UNIVERSITY PARK, Pa. – Sydney Rhead always knew she learned differently from her peers, but she didn’t understand why until she was diagnosed with a learning disability in the second grade.
Rhead, a Penn State World Campus student, has a cognitive memory disorder that prevents her from remembering the meaning of material she reads. Although her diagnosis explained her troubles in school, Rhead had to work hard to not let the stigma of her disability shake her confidence and keep her from attending her dream school, Penn State.
“I have a learning disorder, but I'm not stupid,” said Rhead, 21. “That’s a big misconception people have when they hear about learning disabilities.”
After high school, Rhead knew that a traditional four-year university wasn’t the right fit for her, so she enrolled at a local community college in California. After two years, she began considering where to finish her degree.
Attending Penn State had always been a dream for Rhead, but due to her learning disability, she was hesitant to apply to a school with campuses in a state across the country.
Rhead remembered a high school counselor’s advice to her: “No matter how you learn, or your grades, it doesn't hurt to try.” So, when Rhead found out she could learn online through Penn State World Campus, she knew she had to give it a shot.
Just a few weeks after applying, Rhead received her Penn State acceptance letter in the mail.
“It was a monumental moment for me,” said Rhead, recounting how proud she was. “It gave me a lot of extra confidence that I didn't have before.”
She started her first courses in August.
Rhead said she struggles with confidence and anxiety because of her disability. But after meeting other people with learning disabilities and openly discussing her struggles, she had an a-ha moment.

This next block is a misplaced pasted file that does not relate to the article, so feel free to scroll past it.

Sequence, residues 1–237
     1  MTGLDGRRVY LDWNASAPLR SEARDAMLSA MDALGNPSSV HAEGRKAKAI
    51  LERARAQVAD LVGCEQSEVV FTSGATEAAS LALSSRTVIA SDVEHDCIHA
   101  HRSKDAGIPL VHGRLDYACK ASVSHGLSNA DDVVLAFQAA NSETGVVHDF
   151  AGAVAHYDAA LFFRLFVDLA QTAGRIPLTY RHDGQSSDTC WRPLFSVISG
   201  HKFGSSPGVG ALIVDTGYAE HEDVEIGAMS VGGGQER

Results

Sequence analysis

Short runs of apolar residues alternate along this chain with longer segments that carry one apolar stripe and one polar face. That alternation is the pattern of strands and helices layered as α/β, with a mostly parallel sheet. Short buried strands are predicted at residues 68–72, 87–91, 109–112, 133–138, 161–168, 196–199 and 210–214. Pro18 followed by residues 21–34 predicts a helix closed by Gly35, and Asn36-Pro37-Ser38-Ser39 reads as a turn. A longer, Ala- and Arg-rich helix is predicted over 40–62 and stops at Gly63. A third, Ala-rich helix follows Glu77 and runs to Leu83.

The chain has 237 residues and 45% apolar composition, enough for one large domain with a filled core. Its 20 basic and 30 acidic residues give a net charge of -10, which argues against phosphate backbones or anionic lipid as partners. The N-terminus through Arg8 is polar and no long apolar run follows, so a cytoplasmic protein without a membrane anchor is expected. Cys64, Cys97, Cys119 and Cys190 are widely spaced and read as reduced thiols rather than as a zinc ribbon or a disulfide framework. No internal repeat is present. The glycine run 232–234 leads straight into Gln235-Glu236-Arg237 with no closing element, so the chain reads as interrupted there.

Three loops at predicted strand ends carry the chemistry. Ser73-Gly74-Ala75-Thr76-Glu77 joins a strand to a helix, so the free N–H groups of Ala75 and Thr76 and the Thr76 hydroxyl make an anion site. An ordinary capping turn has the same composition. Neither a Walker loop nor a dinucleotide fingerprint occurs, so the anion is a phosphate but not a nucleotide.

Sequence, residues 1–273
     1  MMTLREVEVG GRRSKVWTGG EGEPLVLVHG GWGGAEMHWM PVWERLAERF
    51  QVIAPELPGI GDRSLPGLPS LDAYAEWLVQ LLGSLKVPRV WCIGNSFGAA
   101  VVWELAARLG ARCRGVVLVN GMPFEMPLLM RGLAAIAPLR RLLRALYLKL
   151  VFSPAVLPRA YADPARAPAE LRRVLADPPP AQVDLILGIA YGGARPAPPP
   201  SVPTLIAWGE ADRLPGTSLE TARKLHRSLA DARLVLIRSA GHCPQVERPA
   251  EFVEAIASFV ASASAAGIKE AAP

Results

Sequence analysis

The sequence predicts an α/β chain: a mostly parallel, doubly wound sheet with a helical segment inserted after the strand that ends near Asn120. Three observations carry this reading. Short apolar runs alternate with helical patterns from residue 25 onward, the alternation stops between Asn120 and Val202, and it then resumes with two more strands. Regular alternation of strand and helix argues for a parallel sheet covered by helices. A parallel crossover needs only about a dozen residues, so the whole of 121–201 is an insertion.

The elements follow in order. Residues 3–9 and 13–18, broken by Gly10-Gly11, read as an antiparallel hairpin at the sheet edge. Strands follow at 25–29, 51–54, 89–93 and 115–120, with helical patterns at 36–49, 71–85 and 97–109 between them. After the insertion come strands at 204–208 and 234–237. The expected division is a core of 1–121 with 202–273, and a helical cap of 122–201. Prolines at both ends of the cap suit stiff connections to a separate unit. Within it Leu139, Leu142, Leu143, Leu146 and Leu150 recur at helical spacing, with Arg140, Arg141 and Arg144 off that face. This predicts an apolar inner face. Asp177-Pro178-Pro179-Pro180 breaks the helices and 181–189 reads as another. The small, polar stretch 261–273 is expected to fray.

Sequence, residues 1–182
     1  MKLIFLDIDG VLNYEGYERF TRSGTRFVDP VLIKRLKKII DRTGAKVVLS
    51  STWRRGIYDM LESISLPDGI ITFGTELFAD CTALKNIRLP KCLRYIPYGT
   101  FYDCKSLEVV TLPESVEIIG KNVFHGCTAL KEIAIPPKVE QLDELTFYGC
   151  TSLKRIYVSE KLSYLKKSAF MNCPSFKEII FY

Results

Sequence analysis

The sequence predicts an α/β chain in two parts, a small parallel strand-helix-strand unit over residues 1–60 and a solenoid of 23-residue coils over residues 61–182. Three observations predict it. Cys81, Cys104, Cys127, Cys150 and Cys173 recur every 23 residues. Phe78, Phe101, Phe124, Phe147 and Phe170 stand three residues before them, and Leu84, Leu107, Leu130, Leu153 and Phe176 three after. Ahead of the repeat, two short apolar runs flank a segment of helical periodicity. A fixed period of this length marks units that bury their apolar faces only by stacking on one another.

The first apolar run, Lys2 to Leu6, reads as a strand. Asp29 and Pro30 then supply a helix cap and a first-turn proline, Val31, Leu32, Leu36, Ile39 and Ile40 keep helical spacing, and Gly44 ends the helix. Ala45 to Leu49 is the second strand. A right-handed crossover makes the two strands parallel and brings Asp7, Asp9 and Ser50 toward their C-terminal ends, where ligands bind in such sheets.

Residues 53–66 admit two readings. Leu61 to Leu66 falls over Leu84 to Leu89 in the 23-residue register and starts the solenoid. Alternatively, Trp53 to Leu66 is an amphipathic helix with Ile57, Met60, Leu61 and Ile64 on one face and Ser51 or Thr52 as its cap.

“I realized that this is who I am, and I have to learn how to deal with it in the most positive way possible,” said Rhead. “I realized that it is a part of me, but it doesn't define me.”
Rhead said she’s learned to accept that her learning disability will always affect her, but she’s also learned important strategies to overcome the daily struggles. Rhead said she relies on creating lists, using planners and voice memos, and the help of her friends and family to make sure she gets things done.
Throughout her school years, Rhead has relied on the understanding and support of teachers and advisers to help her succeed in her classes. She said this has remained true at World Campus.
Rhead said her disability specialist, Maggie Kwok, is her “guardian angel.” Kwok created a document for Rhead to share with her instructors explaining her disability and the special accommodations she needs for her courses, such as extra time on quizzes and exams and the use of flashcards.
Rhead is in her first semester at World Campus and is majoring in political science. She expects to graduate in the spring of 2021 but acknowledged that it may take her more than two years to finish her degree. That hasn’t stopped her from planning for her future, though.
Politics and government are a passion of Rhead’s, and she said she won’t let her disability stop her from accomplishing her dream of attending law school and possibly working as a lobbyist.
“I still have my struggles, but I’ve come so far, so why would I stop now?” she said.
Rhead dedicates most of her time to her full course load, and she is thankful for her time at Penn State and everyone who has supported her along the way.
“My experience at World Campus has been really positive,” said Rhead. “It’s the best decision that I've made for myself in a long time.”